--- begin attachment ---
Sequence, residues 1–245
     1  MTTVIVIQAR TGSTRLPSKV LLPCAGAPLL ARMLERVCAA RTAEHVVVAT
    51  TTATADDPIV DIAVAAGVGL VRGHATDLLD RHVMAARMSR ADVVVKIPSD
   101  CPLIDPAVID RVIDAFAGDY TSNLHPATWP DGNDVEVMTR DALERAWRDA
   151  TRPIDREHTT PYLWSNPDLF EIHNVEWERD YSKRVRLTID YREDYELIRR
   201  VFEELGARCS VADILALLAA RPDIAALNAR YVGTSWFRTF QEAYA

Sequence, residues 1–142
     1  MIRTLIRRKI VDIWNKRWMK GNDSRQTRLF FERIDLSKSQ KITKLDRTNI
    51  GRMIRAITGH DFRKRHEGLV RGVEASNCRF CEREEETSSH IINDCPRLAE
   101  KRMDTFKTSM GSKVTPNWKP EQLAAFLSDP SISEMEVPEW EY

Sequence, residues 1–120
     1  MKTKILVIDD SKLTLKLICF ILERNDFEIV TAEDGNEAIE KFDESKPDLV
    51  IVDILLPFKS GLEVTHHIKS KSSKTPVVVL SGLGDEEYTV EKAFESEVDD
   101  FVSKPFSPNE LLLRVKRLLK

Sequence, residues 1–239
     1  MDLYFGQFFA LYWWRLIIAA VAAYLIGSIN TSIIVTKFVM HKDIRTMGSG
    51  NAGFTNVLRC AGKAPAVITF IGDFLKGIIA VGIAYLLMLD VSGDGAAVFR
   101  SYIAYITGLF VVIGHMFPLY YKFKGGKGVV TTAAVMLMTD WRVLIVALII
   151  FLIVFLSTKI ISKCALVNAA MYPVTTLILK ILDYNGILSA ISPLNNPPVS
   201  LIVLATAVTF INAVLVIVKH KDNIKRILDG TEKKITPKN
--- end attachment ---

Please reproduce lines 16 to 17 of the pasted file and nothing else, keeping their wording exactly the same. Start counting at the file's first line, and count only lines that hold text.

     1  MDLYFGQFFA LYWWRLIIAA VAAYLIGSIN TSIIVTKFVM HKDIRTMGSG
    51  NAGFTNVLRC AGKAPAVITF IGDFLKGIIA VGIAYLLMLD VSGDGAAVFR